Report 2009:
The long drift of 2006C

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The Long Drift of Buoy 2006C


     Buoy 2006C is the longest lived IMB ever deployed. It is also one of the most interesting. It was deployed in September 2006 in the Beaufort Sea and is now in its third year of operation.

     The 2.10 m of bottom melt in 2007 in the Beaufort Sea was more than six times the annual average value of 0.34 m for the 1990s and two and a half times the 2006 result. This observation indicates that bottom melting was a major contributor to the 2007 ice loss in the Beaufort Sea. For the most part, conditions were typical of thick (3.2 m) multiyear ice in this region: minimum winter air temperatures of -45°C, snow depth of 0.4 m, winter ice growth of 0.33 m, and onset of melt in early June. What was extraordinary was the rapid bottom melting. In the month of August, bottom melting averaged 4 cm per day and reached maximum values of 11 cm per day in the last week of August, compared to characteristic averages of about 1 cm per day.

     The extreme amount of bottom melting observed in 2007 required considerable heat from the upper ocean. We believe that solar radiation was a primary source of this ocean heat. Open water reflects only 7% of the incident solar radiation, compared to 85% for snow-covered sea ice and 65% for bare sea ice. As the ice cover decays, highly reflecting ice is replaced by highly absorbing ocean, resulting in more solar heat absorption and more melting. Furthermore, an ice cover thinned by excessive bottom melt transmits more solar radiation directly to the ocean than the original thicker ice cover. This is known as the ice–albedo feedback mechanism.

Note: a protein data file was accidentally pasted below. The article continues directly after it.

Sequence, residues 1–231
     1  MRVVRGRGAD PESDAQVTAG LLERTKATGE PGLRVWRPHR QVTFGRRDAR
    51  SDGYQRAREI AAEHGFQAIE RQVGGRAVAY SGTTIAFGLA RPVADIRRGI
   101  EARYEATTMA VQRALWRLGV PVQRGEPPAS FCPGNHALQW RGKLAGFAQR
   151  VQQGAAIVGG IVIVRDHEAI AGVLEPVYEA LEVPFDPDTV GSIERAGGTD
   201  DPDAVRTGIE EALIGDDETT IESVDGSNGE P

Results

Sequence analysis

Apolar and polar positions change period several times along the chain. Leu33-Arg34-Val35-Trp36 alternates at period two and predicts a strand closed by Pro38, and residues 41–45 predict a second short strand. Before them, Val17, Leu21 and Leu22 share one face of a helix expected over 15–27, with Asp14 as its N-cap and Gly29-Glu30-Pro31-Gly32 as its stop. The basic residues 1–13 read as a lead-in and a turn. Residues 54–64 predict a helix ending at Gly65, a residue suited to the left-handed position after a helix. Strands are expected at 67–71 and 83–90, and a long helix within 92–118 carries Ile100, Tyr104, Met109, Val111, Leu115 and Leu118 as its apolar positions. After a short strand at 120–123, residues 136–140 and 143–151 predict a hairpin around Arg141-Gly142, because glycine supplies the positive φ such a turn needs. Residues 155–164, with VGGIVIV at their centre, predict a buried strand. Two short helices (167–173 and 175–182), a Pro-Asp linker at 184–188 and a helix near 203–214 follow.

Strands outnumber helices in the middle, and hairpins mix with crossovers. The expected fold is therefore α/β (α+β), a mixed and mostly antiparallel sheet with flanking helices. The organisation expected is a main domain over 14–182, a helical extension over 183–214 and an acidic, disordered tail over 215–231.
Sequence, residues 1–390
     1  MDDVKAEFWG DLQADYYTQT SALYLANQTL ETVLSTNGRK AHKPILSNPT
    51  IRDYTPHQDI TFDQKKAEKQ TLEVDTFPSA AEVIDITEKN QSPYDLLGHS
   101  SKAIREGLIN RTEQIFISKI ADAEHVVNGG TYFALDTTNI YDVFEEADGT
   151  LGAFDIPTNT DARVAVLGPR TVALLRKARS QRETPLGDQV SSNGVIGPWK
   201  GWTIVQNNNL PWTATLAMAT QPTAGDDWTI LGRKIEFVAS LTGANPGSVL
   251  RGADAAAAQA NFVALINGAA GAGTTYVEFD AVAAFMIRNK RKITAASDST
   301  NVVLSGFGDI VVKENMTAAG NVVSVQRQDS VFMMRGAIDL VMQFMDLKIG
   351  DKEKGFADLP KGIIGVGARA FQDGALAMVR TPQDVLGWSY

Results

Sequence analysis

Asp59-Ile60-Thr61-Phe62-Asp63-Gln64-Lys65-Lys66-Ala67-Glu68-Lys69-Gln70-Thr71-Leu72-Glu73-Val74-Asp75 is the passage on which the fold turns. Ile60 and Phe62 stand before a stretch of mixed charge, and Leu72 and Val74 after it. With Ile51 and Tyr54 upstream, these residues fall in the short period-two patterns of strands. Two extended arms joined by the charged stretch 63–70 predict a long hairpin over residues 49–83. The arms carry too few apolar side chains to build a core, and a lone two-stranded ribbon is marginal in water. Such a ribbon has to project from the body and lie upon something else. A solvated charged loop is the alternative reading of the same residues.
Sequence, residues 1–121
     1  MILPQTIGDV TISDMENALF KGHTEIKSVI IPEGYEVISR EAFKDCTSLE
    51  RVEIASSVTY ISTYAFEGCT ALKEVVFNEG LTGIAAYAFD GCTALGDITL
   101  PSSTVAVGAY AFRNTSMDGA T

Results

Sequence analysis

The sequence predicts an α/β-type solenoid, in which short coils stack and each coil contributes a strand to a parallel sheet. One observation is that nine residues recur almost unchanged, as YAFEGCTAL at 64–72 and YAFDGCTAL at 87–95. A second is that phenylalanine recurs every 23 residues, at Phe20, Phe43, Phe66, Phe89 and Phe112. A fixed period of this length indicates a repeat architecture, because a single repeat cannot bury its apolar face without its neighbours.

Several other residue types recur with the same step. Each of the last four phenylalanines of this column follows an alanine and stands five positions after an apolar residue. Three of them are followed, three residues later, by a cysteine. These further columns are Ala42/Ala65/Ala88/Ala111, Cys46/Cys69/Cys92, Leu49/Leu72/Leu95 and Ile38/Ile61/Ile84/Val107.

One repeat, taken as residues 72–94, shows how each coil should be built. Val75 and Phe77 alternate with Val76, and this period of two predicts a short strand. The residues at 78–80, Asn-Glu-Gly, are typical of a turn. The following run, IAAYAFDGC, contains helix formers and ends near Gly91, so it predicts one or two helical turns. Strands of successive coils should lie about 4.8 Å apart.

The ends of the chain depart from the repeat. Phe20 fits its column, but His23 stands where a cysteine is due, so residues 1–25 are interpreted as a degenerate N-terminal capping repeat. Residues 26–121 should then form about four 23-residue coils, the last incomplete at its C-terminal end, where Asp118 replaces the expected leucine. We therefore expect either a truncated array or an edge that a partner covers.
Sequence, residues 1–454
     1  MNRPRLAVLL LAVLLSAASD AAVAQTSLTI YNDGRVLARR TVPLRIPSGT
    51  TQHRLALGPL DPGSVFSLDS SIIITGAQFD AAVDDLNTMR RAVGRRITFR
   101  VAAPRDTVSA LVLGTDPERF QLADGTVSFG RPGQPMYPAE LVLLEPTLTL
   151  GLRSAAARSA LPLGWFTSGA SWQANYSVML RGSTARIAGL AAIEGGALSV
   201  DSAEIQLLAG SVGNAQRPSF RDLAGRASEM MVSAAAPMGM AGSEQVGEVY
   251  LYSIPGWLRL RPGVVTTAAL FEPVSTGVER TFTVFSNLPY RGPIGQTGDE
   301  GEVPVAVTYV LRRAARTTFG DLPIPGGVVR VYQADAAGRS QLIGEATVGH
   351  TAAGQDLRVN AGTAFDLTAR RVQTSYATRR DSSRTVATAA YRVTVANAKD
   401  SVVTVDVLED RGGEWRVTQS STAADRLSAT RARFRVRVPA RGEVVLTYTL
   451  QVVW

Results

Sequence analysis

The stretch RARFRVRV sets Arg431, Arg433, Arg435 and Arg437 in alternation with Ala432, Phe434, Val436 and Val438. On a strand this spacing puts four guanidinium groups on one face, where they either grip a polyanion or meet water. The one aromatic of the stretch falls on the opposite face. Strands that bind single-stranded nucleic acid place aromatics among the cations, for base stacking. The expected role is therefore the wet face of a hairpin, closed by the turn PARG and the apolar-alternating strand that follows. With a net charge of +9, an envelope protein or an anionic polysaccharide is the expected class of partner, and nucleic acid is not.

Map showing drift of buoy 2006C from September 2006 to November 2008. Each color represents a three month period.


The total amount of surface (red) and bottom (yellow) melt during the summer of 2008 measured at sever ice mass balance buoys. The white dots denote an approximate position during of the buoy during summer. The two numbers associated with each plot are the ice thickness at the beginning and the end of the melt season  the ice measured at seven ice mass balance buoys. Also displayed is the ice concentration from the National Snow and Ice Data Center.